Bank of America CEO Brian Moynihan said Tuesday that he expects the U.S. economy to slide into a recession later this year that is relatively minor as consumers remain in solid shape.
"Everything points to a relatively mild recession given the amount of stimulus that was paid to people and the money they have left over," Moynihan said during the bank's quarterly earnings call. "At the end of the day, we don’t see the activity on the consumer side slowing at a pace that would indicate that, but we would see commercial customers are being more careful."
Bank of America's team of economists have been warning of a recession for more than a year as a result of painfully high inflation and the Federal Reserve's aggressive campaign to raise borrowing costs.
The central bank has already approved nine straight interest rate hikes, the fastest pace of tightening since the 1980s, and has opened the door to a 10th increase at their May meeting despite turmoil in the banking sector and signs of a slowdown in the economy.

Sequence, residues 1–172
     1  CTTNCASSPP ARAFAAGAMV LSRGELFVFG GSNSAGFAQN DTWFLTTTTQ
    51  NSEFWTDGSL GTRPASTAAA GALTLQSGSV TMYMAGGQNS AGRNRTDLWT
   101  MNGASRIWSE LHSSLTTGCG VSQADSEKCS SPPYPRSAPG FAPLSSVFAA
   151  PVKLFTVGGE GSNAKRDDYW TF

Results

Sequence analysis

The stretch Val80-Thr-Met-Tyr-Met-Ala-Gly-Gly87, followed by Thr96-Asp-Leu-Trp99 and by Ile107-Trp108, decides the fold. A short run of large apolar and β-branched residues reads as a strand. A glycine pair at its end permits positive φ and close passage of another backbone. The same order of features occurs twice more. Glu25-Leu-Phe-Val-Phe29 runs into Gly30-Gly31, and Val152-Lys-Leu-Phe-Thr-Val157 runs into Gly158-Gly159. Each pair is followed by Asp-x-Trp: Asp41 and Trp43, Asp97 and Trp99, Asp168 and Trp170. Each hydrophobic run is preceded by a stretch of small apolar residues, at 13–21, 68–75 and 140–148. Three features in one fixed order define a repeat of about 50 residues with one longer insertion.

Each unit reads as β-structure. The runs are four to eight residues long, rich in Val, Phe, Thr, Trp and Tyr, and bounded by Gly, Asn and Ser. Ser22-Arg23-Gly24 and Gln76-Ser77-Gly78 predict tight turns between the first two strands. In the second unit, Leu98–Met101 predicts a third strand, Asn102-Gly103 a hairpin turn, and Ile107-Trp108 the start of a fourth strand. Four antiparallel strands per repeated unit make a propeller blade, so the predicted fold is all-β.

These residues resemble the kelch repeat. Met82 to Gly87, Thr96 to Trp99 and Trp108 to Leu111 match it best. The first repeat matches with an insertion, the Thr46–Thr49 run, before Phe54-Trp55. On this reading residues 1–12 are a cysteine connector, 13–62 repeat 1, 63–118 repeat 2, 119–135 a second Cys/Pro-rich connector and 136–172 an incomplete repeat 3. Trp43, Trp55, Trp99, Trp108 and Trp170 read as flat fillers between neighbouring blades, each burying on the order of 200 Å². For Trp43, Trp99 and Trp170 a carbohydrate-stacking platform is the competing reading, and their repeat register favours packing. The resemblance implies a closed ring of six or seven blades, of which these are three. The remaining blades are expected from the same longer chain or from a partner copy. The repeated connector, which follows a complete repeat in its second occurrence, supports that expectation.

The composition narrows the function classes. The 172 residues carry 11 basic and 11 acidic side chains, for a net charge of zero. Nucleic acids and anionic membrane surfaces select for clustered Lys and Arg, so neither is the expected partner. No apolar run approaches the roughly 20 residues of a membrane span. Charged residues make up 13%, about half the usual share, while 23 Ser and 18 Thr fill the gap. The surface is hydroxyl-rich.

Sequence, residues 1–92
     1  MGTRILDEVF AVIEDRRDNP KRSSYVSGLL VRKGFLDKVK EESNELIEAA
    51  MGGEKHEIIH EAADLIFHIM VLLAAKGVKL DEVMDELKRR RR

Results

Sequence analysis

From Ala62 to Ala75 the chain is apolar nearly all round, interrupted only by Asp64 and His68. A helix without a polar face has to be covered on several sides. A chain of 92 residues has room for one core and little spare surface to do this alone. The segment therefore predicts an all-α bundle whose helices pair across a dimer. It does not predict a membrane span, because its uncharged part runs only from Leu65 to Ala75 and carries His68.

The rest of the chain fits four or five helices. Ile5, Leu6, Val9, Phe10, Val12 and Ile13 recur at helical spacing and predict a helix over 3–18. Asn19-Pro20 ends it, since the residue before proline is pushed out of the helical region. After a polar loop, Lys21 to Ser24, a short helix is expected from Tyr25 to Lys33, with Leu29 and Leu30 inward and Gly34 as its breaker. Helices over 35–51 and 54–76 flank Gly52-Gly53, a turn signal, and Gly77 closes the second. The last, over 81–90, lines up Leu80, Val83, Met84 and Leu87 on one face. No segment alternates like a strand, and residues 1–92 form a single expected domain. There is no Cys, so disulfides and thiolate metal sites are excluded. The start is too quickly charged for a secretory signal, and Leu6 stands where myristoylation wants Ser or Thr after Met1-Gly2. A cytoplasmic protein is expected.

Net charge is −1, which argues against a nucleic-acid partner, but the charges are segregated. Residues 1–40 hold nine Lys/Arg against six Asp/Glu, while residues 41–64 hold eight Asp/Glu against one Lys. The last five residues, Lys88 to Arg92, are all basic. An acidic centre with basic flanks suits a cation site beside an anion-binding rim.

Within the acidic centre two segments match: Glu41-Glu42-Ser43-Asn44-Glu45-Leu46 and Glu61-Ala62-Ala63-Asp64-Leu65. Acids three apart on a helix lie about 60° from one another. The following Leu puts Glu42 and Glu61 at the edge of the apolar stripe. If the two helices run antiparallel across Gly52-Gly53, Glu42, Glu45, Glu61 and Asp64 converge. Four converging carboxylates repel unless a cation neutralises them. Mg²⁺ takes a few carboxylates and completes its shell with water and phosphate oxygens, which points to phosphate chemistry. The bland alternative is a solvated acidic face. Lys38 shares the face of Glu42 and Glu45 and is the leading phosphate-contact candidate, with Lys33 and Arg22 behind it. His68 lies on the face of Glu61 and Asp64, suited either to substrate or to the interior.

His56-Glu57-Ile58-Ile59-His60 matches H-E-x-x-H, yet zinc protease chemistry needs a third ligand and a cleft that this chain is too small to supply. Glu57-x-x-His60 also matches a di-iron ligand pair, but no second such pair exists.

Moynihan said that Bank of America is predicting that gross domestic product – the broadest measure of goods and products produced in the nation – will see a contraction somewhere between 0.5% to 1% in the next three quarters before it returns to positive growth.
But he cited low unemployment and easing wage pressures as evidence the downturn will not be more severe.
"The fact that unemployment is still 3.5% [indicates] full employment-plus," he said, adding: "And then the wage growth is slowing and tipping over. So the signs of inflation are tipping down, and it’s still there but that translates into relatively good activity. We see a slight recession, and we’ll see what happens."
The CEO's comments come just one week after Federal Reserve documents showed that the central bank's own staff economists are bracing for a mild recession this year following the collapse of Silicon Valley Bank and Signature Bank in March.
"Given their assessment of the potential economic effects of the recent banking-sector developments, the staff’s projection at the time of the March meeting included a mild recession starting later this year, with a recovery over the subsequent two years," Fed meeting minutes said.